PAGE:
NEW YORK (AdAge.com) -- Rising tensions between agencies and marketing procurement have birthed a new role in the agency C-suite: the chief compensation officer.
Omnicom Group's TBWA/Chiat/Day has appointed Neal Grossman, a one-time certified public accountant who over 25 years at TBWA has served in various financial and strategy positions, as its first global chief compensation officer.
The role -- which is distinct from TBWA's chief financial officer -- means Mr. Grossman will be the one leading contract renegotiations with clients and procurement officers, and overseeing fee discussions during new-business pitches. He'll also be tasked with developing value-based compensation models that are mutually beneficial to the agency and its clients.
"With the advent of procurement officers taking incredibly strong roles in client-side negotiation, agencies have been slow to respond with trained and savvy financial oversight in response to procurement," said Laura Bartlett, chief financial officer at the 4A's and former global chief financial officer at DraftFCB. "I think it's an excellent response to the squeeze by clients and the intervention by the procurement side of the business."
Like Ms. Bartlett, industry experts who spoke to Advertising Age hailed the move as a long overdue step in the right direction. But they also highlighted potential pitfalls: For example, an agency "chief compensation officer" requires a unique skill set and would have to be trusted implicitly to make decisions.
'Obviously a problem'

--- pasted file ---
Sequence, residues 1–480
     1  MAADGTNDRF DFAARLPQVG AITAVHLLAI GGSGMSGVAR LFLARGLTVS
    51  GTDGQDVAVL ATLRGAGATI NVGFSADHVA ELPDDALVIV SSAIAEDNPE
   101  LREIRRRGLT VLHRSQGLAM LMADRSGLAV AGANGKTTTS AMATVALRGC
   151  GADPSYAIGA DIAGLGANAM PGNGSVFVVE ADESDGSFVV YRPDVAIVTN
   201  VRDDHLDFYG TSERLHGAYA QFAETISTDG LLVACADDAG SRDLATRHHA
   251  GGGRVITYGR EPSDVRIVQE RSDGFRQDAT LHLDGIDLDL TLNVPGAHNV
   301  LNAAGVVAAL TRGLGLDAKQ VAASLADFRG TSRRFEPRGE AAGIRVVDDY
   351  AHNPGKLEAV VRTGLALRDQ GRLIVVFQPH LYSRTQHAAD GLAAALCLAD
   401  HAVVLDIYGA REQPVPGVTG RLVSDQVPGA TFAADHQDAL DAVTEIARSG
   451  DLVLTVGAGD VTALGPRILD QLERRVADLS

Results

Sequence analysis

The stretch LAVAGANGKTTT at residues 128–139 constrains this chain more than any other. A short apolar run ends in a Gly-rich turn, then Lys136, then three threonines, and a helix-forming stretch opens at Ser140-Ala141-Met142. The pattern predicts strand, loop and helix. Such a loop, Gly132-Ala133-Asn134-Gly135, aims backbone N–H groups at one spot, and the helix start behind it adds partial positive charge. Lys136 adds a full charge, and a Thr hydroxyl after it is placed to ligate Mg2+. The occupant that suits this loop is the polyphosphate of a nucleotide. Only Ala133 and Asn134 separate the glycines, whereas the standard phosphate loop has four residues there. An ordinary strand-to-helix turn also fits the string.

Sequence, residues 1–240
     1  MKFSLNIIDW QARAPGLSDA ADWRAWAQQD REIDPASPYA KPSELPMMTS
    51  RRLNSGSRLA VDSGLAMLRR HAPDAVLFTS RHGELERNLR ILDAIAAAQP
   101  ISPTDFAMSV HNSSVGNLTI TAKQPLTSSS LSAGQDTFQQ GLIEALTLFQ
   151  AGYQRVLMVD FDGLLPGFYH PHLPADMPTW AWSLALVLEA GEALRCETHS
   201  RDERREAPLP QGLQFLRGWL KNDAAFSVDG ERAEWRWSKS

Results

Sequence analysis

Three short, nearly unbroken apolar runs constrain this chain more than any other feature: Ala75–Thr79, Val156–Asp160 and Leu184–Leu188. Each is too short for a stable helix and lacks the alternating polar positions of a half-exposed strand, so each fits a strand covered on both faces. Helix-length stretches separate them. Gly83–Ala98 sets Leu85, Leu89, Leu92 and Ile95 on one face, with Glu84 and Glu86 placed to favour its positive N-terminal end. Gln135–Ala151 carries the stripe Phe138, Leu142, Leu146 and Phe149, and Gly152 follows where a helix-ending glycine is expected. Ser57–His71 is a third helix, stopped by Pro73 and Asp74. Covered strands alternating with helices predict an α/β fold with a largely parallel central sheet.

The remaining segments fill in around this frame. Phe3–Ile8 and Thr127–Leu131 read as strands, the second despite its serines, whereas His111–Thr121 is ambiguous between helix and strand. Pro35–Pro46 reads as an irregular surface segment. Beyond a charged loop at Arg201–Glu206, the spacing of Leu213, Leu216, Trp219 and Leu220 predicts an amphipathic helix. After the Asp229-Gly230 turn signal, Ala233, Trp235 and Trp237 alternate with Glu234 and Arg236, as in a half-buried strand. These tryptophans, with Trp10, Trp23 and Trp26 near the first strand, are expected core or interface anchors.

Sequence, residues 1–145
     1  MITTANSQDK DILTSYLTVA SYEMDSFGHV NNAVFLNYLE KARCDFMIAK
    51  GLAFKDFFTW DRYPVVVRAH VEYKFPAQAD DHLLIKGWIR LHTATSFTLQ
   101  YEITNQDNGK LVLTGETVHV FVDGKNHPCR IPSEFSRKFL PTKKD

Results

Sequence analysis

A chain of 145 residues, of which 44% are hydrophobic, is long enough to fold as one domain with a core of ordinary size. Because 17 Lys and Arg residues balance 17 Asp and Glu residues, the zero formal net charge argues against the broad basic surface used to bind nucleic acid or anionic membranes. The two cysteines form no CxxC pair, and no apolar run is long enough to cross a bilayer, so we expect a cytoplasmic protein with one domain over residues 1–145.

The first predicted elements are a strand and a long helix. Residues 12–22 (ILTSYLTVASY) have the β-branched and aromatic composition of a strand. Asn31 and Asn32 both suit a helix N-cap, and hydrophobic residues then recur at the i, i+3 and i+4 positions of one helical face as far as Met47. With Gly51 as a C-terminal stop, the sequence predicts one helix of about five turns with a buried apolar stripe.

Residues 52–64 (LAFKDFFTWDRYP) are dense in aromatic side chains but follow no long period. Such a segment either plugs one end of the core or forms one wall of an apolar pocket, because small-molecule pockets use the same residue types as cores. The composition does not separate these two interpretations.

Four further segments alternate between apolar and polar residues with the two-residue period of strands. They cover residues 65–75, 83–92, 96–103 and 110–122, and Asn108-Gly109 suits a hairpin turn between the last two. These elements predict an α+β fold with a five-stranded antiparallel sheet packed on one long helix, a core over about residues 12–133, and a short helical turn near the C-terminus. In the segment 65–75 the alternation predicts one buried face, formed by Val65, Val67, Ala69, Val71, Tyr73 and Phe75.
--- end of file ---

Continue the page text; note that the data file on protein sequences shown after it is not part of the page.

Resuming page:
TBWA Worldwide President-CEO Tom Carroll says his agency created the function because financial discussions between clients and agencies have deteriorated to a point where neither side is satisfied. "Twenty-five years ago there was less focus on the money when there were 15% commissions," said Mr. Carroll. "Today there's obviously a problem. ... We are trying to deal with it in a positive fashion and stop whining and focus some real professional attention on the issue."
Of course, the establishment of a dedicated person to carry out every fee negotiation and take every procurement officer's call isn't practical at smaller agencies. And just because such a role doesn't already exist doesn't mean agency execs aren't adept at negotiating with clients.
But experts point out very real problems with the burden falling on others within the agency. At some shops, top account executives have financial discussions with clients. That situation can pose a conflict of interest if the account person wants to protect the interests of his or her team, offering, for example, a deal that would keep the account (and his team) in place, but might not be optimal for the overall agency. Further, that individual doesn't have detailed finances of the agency to properly carry out the job.
While a chief financial officer might understand the agency's finances, he might not grasp the value of different roles within the agency, like producers or planners. And challenges presented by the current economy have meant CFOs often find themselves stretched for time.
"Negotiating with clients and marketing procurement resources takes a certain level of focus, and the role of the CFO in agencies -- particularly in the current economic environment -- is one that is very busy," Brad Dehart, practice leader for marketing-services procurement at ICG Commerce in King of Prussia, Pa. "They have a lot on their plate."
Mr. Dehart supports the idea of an agency chief compensation officer, but cautions that, for it to be taken seriously by procurers and marketers, "It's important for them to be empowered to make decisions in the negotiations instead of being viewed as an intermediary."
Lynne Seid, partner at recruiter Heidrick & Struggles, New York, said, "What I feel is perhaps still a work-in-progress with TBWA's idea is the scope of it is narrow and a little transactional-sounding as opposed to relationship-sounding. ... I feel it's a very strong and professional step to acknowledging a problem. They're giving it a C-level professional title that acknowledges the importance of this issue, and it's better that [the position] is there than not. ... And if it attracts the positive attention of clients, I think you could see other agencies follow suit."